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Flyovers, subway on the drawing board for Phnom Penh

Content image - Phnom Penh Post

Flyovers, subway on the drawing board for Phnom Penh

The Overseas Cambodia Investment Corporation (OCIC) and Phnom Penh municipality are cooperating to undertake a study on major new projects for the city – two flyovers and a subway, each of which it is hoped would ease the city’s ever worsening traffic congestion.

Touch Samnang, project manager at OCIC, said his company and the municipal authorities were currently examining the feasibility of the two flyovers. He said the first one would be at the intersection of Mao Tse-tung and Russian boulevards (close to the Institute of Technology of Cambodia) and the second would be at the intersection of Hanoi Road and Russian Boulevard.

Samnang said the subway under consideration would run from the intersection of Monivong and Russian boulevards to Street 114.

Content image - Phnom Penh Post

The studies are still in the preliminary phases, and a blueprint has only been drafted for one of the flyovers so far.

“The first blueprint is similar to the Stung Meanchey flyover project, but not as complex,” said Samnang, who added that the flyover at Mao Tse-tung and Russian boulevards would be prioritised and built first.

He said it was expected that the first flyover would cost much less than Stung Meanchey Bridge at about $10 million, while the subway would cost just $3 million to $4 million because, according to the current plan, it would only extend 300 metres.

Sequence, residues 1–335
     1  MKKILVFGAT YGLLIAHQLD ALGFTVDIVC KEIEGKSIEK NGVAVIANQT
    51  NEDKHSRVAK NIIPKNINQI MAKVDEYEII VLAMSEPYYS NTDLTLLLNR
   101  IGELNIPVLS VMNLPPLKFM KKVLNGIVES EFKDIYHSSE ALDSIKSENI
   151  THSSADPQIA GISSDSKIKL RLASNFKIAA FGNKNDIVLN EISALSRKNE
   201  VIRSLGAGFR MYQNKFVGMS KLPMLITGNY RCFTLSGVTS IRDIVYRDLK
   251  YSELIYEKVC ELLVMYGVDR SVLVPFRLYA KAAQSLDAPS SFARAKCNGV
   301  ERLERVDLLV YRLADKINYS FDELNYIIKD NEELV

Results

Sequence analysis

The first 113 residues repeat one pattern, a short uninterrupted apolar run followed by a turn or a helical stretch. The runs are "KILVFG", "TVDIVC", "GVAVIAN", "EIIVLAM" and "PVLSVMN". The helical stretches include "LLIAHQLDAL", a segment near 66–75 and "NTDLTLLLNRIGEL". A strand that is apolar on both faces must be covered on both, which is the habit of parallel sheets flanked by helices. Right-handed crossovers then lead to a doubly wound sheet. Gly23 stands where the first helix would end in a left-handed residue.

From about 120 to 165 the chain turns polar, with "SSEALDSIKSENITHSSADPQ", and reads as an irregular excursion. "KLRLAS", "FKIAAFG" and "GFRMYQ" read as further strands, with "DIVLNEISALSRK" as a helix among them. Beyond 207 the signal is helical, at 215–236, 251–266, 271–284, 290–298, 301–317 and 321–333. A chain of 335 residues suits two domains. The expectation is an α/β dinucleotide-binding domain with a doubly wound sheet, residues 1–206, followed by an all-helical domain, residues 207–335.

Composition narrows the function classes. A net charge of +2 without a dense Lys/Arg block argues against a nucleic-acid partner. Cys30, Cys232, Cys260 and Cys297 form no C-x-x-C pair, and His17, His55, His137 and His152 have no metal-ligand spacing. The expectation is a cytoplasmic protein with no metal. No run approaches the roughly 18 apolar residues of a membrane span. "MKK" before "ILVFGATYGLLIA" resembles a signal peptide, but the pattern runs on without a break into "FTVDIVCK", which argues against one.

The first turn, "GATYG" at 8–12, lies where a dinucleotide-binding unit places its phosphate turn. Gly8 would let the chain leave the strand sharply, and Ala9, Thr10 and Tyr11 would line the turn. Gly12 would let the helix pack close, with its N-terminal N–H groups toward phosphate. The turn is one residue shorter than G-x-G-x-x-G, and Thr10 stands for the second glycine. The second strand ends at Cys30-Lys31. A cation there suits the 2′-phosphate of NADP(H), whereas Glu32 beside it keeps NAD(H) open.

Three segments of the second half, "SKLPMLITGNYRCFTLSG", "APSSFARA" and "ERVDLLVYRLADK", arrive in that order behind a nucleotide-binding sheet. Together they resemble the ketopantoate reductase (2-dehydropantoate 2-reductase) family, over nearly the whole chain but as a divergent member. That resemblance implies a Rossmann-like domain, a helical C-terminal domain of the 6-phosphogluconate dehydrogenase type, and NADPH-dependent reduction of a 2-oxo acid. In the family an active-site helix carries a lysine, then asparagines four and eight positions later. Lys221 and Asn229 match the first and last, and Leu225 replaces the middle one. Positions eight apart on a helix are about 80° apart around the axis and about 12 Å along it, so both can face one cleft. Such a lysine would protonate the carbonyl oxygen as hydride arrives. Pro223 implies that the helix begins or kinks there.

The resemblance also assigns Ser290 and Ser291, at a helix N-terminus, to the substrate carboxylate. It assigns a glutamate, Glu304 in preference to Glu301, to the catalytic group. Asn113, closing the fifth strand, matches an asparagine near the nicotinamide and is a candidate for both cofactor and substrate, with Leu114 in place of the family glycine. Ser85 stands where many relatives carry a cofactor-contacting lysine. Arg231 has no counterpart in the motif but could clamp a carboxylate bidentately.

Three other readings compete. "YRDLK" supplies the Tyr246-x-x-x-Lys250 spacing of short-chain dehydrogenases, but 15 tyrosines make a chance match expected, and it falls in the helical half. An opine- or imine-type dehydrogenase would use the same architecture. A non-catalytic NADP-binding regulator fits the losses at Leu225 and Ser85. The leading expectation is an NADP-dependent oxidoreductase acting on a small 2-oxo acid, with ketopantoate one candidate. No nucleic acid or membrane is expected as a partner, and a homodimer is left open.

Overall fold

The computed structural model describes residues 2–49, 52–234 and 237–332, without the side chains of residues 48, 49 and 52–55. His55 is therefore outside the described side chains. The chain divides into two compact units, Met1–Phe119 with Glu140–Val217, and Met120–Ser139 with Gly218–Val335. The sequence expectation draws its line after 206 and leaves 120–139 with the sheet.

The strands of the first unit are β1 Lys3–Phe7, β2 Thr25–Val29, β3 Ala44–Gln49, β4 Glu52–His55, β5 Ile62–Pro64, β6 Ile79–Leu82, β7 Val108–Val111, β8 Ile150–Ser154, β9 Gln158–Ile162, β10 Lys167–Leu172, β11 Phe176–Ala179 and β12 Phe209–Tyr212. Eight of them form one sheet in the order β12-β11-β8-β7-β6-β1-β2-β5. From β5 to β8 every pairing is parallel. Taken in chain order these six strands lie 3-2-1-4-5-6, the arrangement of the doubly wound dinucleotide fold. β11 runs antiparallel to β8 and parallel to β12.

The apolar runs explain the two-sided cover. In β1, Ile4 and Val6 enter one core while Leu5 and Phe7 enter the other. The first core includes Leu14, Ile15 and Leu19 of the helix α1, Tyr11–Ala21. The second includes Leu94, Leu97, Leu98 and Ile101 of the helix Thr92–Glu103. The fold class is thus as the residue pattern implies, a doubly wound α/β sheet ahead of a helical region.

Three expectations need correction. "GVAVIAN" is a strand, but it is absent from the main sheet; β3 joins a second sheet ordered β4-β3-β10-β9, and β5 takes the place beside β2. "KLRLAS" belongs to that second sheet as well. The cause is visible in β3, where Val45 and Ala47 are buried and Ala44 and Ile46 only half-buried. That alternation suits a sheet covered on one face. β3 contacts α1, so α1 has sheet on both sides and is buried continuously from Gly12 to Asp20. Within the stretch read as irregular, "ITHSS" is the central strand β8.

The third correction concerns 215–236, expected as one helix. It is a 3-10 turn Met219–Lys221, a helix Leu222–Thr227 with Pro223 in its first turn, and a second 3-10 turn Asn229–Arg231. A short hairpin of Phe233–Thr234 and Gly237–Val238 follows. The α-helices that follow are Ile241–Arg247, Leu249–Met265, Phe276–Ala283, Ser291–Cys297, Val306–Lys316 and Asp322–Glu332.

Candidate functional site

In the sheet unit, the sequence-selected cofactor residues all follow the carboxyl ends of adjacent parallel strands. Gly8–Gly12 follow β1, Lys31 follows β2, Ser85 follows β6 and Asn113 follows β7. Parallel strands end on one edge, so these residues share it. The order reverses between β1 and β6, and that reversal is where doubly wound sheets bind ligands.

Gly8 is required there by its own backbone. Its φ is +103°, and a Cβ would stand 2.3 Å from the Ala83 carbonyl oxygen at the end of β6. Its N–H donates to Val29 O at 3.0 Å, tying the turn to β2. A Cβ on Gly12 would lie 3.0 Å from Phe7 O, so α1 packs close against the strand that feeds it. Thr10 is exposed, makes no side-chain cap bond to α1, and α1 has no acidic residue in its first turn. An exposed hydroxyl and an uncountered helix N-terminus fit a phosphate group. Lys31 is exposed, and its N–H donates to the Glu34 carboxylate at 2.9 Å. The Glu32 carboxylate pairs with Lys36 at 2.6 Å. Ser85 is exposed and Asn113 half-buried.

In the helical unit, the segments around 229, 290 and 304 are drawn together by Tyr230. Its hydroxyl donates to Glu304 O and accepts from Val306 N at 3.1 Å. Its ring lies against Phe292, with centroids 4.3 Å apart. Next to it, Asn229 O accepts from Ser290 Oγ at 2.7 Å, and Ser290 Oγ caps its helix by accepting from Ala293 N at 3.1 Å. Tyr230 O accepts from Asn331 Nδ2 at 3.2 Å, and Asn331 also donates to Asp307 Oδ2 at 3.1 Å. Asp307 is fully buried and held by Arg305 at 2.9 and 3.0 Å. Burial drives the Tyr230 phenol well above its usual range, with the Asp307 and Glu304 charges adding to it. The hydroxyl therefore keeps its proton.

The budget for the flyover and subway projects was anticipated to come from leasing government land in Chroy Changvar, he added.

Meanwhile, Phnom Penh Municipal Hall spokesman Long Dimanche said the municipality was studying both the projects but had yet put a proposal to the government because further study of the effects was required. He added that the budget needed to be examined further before a formal proposal was submitted.

“I can’t say when construction will get under way, but we want to act soon to alleviate the traffic congestion,” he said.

Sam Piseth, head of the Department of Public Works and Transport, could not be reached for comment.

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The proposed flyovers would be the fourth and fifth flyovers in greater Phnom Penh.

Stung Meanchey Bridge, the city’s third flyover, saw investment of $19 million, the 7 Makara Bridge involved an investment of $8 million and was inaugurated in January 2012, while the Kbal Thnol Bridge saw investment of $6 million before being inaugurated for use in June 2010.

Po Eavkong, managing director of Asia Real Estate Cambodia said increased infrastructure development in Phnom Penh would lead to many positive outcomes, including ease of travel and improved economic growth. He also noted that improved infrastructure would be good for property values.

“Building overpasses and a subway will not only help transform the landscape of the city, but will also help commercial areas better connect to each other and assist people in saving money and time getting around the city,” he said.

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